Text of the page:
Star Wars 30th Anniversary is an Elegant RPG for a more Civilized Age

  • Posted by
  • at

Star Wars: The Roleplaying Game–now that’s a name I’ve not heard in a long time. A long time.

via FFG

It’s a veritable Return of the Jedi, thanks to Fantasy Flight Games’ special 30th Anniversary Edition of Star Wars: The Roleplaying Game. That’s right, the classic West End Star Wars game is back, in a big way. Even if you’ve never played a single session of this game, your life has been affected by it. Back when the West End game originally came out, so much of Star Wars was unknown territory.

So many horrors had yet to be unearthed…

There were whole sections of the galaxy map that had yet to be filled in. Aliens had appearances in the film, but didn’t have the massive backstory or the interwoven alternate universe that is so carefully documented on the internet, in novels, and holiday specials that are universally beloved. All of that universe owes a great deal to these RPG books. They worked to expand the Galaxy that existed so far, far away.

So it’s an understatement to say that I’m excited to see these books make a return to print. FFG has a preview of the Rulebook today, so let’s dive in and see what all the hubbub is about, bub. Also I guess I’m Wolverine now.

One of the main things about the old West End system is that it’s a d6-based system. If you’ve ever formed a die pool based on your attributes and skills, you know the system here. Characters have six attributes at the core of their characters:

  • Dexterity
  • Knowledge
  • Mechanical
  • Perception
  • Strength
  • Technical

Each of which corresponds to a suite of skills that vary from things like cultues and survival to repulsorlift repair and starship shields. More interesting is that your stats are determined by your class. Each class has a different baseline ranking for one of the six stats. So the Bounty Hunter might have a higher Dexterity than the Alien Student of the Force. But the latter has a much better Knowledge rating–it all comes down to building your character around that.

Character creation is picking from one of the 24 different character templates, FFG has 3 on display, but they all have evocative names. Things like Arrogant Noble, Failed Jedi, or Laconic Scout. They give you something to latch on to when designing your character, so you can both build the adventurer you want and have some guidelines for playing them.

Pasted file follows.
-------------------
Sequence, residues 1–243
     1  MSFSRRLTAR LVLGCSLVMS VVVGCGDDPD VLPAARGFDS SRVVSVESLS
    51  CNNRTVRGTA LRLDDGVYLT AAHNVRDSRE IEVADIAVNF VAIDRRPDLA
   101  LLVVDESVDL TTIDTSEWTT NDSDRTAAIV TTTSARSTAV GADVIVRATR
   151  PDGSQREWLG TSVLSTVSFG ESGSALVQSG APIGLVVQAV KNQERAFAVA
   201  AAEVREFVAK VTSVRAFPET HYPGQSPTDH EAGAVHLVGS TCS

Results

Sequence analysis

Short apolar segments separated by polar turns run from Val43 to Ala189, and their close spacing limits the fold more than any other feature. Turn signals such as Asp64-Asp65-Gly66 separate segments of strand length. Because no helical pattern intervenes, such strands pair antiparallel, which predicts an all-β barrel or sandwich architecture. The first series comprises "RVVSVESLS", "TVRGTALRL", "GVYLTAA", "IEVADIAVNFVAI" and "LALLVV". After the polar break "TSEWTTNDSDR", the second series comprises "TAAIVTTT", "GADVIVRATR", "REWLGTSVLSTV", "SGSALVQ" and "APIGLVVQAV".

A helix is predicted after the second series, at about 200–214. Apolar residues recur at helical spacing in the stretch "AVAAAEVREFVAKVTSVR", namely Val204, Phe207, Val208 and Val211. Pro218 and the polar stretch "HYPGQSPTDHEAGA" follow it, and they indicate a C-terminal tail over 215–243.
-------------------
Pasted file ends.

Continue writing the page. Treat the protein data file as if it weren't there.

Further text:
Bounty Hunter Guideline number 1, don’t be Dengar.

You’ll also find some game mastery advice–which includes a lot of storytelling structure and pacing–one of the things West End really nailed down was that space opera feeling of Star Wars. There’s a reason people go so crazy for this game–find yourself someone who played it, and you’ll find someone who will be willing to gush about the system for days.

Star Wars: 30th Anniversary Edition will be out later this year, but you can pre-order it now.

Star Wars: The Roleplaying Game 30th Anniversary Edition – $59.95

Few books or games have had as enduring an impact upon the Star Wars galaxy and its fans as Star Wars™: The Roleplaying Game. Originally published by West End Games in 1987, it arrived at a time when the future of the Star Wars galaxy was uncertain, and it captivated a whole generation of gamers with rules and guidelines that made it easy to design and enjoy adventures truly worthy of the Star Wars universe and its ongoing space opera.

Our Star Wars™: The Roleplaying Game 30th Anniversary Edition is a faithful, limited edition recreation of both Star Wars: The Roleplaying Game and The Star Wars™ Sourcebook, both printed with higher quality than the originals and packaged in a stylized slipcase.

May the Force be with you.

  • violencejack

    Maybe I’ll purchase this one instead of trying to re-read the Fantasy Flight dice system for the 10th time. 🙂

    • Navaren

      Its such a good system. And most of the other sourcebooks are readily available online.

      Additionally one thing JayArr neglects to point out is that there are instructions for making your own character templates it just warns you away from using one for your first character.

    • Drew

      This, a thousand times this.

    • Xodis

      Try playing a game with them, my kids learned the system before the first session was over.

  • Aurion Shidhe

    So many good memories with this game. I do like the FFG version, as well, but it just doesn’t give me the same feels as those old books did. Back before the current glut of the franchise, these books were our main creative Star Wars outlet. This used to be one of my favorite games to run at cons, because it was easy to pick up and play and pretty much everyone was on the same level concerning setting knowledge.

  • Boondox

    This is so tempting. I loved the WE version of this game and played countless adventures using this system. Platt’s Starport Guide has to be my favorite sourcebook. It’s still in my gaming library with tabbed and dog eared pages.

  • sniperjack

    My game.

  • Paul Wesley Pratt

    The universe was so expansive when i looked through these books. I felt like i had intimate knowledge of everything going on behind and between the movies when i read them. They were a wonderful companion and complement to the original trilogy. All of that is just gone now with the prequels and the awful new films.
    The original Second Edition revised and expanded rule book and all the second edition source books sit on my shelves to this day. I’ll probably pick this new edition up just to have.

  • bobrunnicles

    Still have all my original books, almost a complete set of everything WEG put out. Loved this game!

  • palaeomerus

    I still play my old copy of Fantasy D6 when people get tired of Savage Worlds and such.